Advertising revenue from mobile devices comprised 30 percent of Facebook’s total ad revenue in the Q1 2013, up from virtually nil one year ago. Monthly active use on mobile devices climbed to 751 million, marking a 54 percent increase from the year-ago period, as Facebook’s total monthly active user base grew to 1.11 billion.
Facebook’s ad products delivered $1.25 billion, or 85 percent, of the $1.46 billion it generated in revenue during the quarter while payments carried the remainder, lifting the company’s net income to $219 million. Total advertising revenue grew 43 percent year-over-year.
Facebook’s CFO David Ebersman says the growth in ad revenue was driven by the strong performance of news feed ads. “Ad impressions were up 39 percent and average price per ad was up 3 percent compared to last year,” he adds.
COO Sheryl Sandberg also highlighted the success of Facebook’s mobile app install ad product. “During the quarter, 3,800 developers used these ads to drive nearly 25 million downloads. Of the top 100 grossing apps from the iOS and Android in the last week of Q1, about 40 percent of them used our mobile app install ads,” she says. “In gaming, travel, e-commerce, and the financial service industry, the early indicators are that our cost per install are highly competitive.”
Indeed, mobile has quickly become the growth engine for Facebook as desktop ad revenue remained flat.
“I think we’re still in the really early days of what we’re doing and that’s particularly true in mobile,” Ebersman adds. “We have an ad format that works on mobile and we have identity so that we can put the right ads in front of the right people…The big opportunity that’s right in front of us is trying to make the mobile advertising products higher quality and more relevant over time.”
Facebook’s custom audience tool is also gaining traction with more than twice as many marketers using the feature from the previous quarter, including brands such as Hotels.com, Intuit, and Virgin America.
“Facebook is finding some success on mobile because its ad strategy does not focus just on big brands. A focus on big brands is why Apple has failed at mobile advertising,” notes Krishna Subramanian, CMO of Velti, a mobile marketing and ad technology provider.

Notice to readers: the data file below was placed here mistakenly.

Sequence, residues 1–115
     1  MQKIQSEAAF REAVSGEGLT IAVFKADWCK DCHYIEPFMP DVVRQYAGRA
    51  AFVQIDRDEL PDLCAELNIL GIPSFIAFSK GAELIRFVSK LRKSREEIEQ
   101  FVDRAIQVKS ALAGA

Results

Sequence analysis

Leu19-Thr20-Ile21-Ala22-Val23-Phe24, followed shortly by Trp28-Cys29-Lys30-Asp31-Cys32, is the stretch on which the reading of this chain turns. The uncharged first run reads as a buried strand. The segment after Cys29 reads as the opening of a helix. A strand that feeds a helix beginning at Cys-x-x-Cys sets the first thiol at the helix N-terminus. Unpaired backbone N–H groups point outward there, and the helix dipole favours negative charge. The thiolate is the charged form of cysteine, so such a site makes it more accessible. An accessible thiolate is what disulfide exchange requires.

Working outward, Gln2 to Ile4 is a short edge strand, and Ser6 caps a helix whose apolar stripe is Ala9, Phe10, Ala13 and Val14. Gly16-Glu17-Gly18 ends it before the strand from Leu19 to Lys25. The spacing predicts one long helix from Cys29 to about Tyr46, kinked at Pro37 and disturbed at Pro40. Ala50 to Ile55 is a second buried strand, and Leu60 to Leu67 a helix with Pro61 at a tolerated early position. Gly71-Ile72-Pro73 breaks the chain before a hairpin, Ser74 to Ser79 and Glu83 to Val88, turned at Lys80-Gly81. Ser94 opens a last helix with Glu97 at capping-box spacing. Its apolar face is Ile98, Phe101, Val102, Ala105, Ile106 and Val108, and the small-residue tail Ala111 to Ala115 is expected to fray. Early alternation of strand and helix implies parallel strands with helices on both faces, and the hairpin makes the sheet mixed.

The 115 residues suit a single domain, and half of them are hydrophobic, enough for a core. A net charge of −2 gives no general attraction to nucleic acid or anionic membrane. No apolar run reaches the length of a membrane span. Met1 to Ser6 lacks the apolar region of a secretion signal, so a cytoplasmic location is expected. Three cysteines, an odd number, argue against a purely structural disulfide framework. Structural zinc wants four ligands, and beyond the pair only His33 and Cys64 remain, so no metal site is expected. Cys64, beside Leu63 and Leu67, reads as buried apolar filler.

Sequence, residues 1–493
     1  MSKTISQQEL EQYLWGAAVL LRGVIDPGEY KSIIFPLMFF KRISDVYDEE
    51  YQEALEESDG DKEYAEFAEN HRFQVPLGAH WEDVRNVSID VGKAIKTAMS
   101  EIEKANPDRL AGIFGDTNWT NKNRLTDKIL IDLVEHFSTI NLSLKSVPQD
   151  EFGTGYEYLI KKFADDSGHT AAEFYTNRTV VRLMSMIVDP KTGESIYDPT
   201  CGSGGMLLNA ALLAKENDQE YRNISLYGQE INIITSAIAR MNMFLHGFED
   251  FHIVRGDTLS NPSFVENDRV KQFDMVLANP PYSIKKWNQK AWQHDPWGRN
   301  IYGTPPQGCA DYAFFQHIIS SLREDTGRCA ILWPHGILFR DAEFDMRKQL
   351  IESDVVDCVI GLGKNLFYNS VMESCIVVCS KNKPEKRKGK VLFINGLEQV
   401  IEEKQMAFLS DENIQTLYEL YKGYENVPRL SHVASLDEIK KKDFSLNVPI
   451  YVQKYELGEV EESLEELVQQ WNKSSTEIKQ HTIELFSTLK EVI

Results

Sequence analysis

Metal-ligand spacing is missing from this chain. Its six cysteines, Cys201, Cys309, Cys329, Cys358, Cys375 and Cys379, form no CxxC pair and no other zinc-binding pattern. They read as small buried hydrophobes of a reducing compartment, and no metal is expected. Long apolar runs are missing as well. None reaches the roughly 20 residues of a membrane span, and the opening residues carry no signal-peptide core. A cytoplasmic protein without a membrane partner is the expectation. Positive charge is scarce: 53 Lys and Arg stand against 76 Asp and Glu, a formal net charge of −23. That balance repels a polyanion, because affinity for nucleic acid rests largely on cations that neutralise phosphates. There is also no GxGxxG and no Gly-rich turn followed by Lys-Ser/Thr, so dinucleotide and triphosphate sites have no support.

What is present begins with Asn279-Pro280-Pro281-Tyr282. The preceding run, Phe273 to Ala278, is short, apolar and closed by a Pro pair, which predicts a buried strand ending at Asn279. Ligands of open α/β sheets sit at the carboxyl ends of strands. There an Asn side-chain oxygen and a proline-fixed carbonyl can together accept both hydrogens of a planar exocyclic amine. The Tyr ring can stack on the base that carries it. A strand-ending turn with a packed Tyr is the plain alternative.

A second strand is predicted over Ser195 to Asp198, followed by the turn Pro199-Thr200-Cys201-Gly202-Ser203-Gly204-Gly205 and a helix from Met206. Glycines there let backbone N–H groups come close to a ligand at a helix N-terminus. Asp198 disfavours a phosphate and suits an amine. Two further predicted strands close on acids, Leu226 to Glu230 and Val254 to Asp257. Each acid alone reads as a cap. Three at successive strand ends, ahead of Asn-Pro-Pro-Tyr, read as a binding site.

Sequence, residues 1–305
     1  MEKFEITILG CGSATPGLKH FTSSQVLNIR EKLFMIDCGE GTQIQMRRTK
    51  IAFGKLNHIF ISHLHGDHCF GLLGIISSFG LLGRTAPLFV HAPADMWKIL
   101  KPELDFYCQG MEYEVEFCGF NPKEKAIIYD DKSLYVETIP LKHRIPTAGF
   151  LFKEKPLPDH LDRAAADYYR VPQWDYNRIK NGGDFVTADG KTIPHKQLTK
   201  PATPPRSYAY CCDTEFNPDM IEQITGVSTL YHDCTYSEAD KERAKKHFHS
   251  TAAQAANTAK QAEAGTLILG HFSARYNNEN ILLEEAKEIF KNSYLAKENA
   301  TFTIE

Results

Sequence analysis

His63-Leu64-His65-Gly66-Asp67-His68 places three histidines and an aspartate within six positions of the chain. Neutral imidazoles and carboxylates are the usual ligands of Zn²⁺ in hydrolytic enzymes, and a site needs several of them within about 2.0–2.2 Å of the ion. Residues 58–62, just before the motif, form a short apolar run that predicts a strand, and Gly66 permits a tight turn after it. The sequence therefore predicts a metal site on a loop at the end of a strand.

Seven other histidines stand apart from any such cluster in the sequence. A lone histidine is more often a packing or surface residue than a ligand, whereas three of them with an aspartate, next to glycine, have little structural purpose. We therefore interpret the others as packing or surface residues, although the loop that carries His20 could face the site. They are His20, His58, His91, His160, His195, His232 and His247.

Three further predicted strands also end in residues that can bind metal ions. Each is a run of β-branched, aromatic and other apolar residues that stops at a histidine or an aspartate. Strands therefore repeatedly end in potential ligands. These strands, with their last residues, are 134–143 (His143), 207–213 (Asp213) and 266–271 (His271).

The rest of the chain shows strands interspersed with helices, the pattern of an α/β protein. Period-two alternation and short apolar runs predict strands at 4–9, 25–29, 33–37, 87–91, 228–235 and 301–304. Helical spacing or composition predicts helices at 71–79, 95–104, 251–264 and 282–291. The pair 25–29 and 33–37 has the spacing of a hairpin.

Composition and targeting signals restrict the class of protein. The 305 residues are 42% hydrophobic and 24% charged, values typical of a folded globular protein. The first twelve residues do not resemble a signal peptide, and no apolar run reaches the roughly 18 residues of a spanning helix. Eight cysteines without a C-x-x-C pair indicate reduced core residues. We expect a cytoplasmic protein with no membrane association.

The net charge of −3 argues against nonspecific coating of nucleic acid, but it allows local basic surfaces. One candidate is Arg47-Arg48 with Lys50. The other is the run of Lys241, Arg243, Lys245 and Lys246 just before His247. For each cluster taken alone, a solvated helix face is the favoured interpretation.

“Mobile installs are absolutely through the roof. These installs have made Facebook one of the biggest mobile ad suppliers in the world and are really what’s driving mobile revenue,” Subramanian adds. “Cross-platform targeting remains the single biggest prize for Facebook’s mobile revenue. Facebook’s precise user profiles, combined with targeting users across devices and off Facebook, will be an absolute gold mine when they figure it out.”
Facebook’s costs are also skyrocketing as it maneuvers to increase the frequency with which users visit the site, the length of those visits, and the overall number of users it reaches on a daily or monthly basis. Overall, the company’s costs jumped 60 percent year-over-year to $1.08 billion.
Wall Street’s immediate reaction to Facebook’s latest quarter was relatively calm. Company stock remained flat in after-hours trading as Facebook narrowly beat the market’s expectations for the quarter.
So what makes content go viral? And what makes people participate in these phenomena?
Instagram is determined to introduce as many new features as possible in 2016 and that's why it has launched Live video on Stories, as well as ephemeral posts on direct messages.
Audience targeting can be challenging in social media, especially when brands make quick assumptions about their target users. How can you avoid generalisation and what are the real benefits of it?
While it typically conjures up images of consumers clamoring for deals on big ticket items, American retailer Walgreens is hoping that this year it can be the first place consumers turn for inexpensive gifts like wine, candles and small toys.